On the usefulness of quantities

Synthese 31 (3-4):443 - 457 (1975)
Abstract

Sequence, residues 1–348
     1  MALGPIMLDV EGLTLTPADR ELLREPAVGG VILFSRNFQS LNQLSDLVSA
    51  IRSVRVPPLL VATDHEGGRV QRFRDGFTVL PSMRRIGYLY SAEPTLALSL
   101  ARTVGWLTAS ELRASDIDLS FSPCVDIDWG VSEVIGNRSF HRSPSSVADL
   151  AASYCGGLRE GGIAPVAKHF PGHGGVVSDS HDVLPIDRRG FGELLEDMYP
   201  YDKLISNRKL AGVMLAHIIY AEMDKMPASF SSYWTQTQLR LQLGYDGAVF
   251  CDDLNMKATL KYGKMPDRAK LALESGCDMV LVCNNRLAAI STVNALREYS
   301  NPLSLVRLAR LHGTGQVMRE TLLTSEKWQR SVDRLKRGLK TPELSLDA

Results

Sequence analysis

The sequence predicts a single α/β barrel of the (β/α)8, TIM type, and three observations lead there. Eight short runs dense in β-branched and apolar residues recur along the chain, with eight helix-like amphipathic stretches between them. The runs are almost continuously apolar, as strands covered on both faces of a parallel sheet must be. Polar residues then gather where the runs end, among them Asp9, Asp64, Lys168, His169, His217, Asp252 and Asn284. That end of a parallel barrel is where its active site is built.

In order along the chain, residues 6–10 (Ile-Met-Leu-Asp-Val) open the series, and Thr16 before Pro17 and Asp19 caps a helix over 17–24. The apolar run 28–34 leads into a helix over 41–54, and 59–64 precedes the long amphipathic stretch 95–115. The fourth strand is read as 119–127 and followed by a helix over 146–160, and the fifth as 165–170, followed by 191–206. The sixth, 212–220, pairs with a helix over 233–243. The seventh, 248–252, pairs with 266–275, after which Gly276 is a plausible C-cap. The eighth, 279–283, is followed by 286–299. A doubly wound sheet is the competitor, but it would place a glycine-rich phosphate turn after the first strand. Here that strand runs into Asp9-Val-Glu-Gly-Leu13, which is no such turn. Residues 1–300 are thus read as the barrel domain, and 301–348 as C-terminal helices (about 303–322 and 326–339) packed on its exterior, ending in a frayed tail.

I have argued that there is a philosophical problem posed by a need to determine the reference of expressions which seem to refer to kinds of stuff or matter and to make identity claims about it (e.g., ‘the gold’, ‘the same clay’). Ordinary sortal expressions such as ‘lump’, and ‘piece’ have been shown to be inadequate to the task of providing reference for the expressions in question. What is necessary is an expression which does not have an ordinary sortal use and which meets certain other conditions which I have enumerated. There does not seem to be an expression in ordinary language which fits these conditions. The technical term, ‘quantity’, as defined by Helen Cartwright, meet the conditions. ‘Parcel’, suggested V. C. Chappell, fails to meet the conditions. Another technical term, ‘m-elements’, coined by Laycock, comes close to meeting the conditions, but has a number of difficulties. Mose of these difficulties stem from the fact that counting (rather than measuring, as with quantities) is behind the application of ‘m-elements’, and stuff is as a matter of fact measured, rather than counted, in most situations. I have also considered a possible difficulty with ‘quantity’ (that in most cases in which someone talks of ‘same stuff’ strictly speaking we don't have the same quantity of stuff) and shown it not to be a genuine difficulty
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